The World Health Organization has declared the Ebola outbreak in the Democratic Republic of Congo a global health emergency, the latest sign that the crisis has spiraled out of control, according to the New York Times.
The international health organization reserves the global health emergency designation only for events of catastrophic magnitude.
As of Monday, the Ebola outbreak in the DRC has killed 1,676 people and infected 2,512 in total, making it the second deadliest Ebola episode in recorded history.
The infectious disease has been able to spread so rapidly in the country because of a conflict that has destabilized local health care systems and made it difficult for health workers to reach affected populations and stem the contagion.
Health officials worry that Ebola could spread to surrounding countries, which would create a regional crisis that could overwhelm local health systems and go global.
By declaring a global health emergency, the WHO will be able to mobilize more resources and create enhanced security protocols to limit the spread of the disease. The WHO does not yet recommend any travel restrictions.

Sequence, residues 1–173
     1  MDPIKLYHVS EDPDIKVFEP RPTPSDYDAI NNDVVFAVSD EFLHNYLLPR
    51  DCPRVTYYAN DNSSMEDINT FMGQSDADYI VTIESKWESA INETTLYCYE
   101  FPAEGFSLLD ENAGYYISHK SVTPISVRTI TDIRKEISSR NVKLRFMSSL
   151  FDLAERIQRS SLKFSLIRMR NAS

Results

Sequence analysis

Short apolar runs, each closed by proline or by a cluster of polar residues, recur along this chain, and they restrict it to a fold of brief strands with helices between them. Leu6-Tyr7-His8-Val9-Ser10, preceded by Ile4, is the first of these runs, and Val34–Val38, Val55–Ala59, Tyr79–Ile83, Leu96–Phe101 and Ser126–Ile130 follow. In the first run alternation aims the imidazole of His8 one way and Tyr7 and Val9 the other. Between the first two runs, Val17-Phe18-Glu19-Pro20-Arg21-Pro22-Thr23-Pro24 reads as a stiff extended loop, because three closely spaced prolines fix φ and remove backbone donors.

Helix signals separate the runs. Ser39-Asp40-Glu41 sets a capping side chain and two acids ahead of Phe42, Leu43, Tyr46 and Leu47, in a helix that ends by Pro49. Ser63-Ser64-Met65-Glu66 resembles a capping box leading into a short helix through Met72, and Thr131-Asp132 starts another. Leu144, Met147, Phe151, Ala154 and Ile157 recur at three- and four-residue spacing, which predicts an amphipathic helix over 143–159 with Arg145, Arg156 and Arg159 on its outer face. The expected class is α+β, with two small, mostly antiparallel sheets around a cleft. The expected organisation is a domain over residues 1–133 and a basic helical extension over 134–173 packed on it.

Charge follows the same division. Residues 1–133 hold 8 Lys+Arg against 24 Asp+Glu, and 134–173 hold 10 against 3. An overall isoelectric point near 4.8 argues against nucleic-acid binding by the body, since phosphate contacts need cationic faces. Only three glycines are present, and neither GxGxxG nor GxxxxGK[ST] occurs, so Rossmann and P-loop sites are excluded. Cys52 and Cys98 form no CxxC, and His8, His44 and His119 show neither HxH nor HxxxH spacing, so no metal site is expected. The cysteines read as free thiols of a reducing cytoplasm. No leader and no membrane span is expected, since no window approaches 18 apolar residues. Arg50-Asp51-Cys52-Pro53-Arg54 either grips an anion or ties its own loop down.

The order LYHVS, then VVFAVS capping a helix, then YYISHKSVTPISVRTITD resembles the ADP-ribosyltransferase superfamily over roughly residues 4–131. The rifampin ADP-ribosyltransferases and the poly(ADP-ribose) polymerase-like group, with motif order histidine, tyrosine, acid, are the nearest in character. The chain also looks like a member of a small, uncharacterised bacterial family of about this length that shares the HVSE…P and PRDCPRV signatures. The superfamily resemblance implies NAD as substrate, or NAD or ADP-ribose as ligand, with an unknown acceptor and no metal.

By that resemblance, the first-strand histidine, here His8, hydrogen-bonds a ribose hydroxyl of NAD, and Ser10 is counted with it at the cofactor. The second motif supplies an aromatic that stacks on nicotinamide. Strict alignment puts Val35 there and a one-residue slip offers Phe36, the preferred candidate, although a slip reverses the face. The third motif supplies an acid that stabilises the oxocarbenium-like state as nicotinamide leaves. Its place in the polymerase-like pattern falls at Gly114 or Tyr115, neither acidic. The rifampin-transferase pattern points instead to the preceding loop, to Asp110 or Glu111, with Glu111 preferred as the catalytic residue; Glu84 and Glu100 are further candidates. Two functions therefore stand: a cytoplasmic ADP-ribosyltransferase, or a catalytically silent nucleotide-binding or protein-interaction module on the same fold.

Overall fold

Ebola is a rare virus that spreads through direct bodily contact with a person who is infected. Its initial symptoms — fever, vomiting, aches and pains — resemble the flu, but the virus can lead to hemorraging, the breakdown of organ systems, and even death without urgent medical attention.
The very young, very old, and people with compromised immune systems are most at risk of dying from the disease. People without access to quality health care can also die from ebola because of the extreme loss of bodily fluids it entails.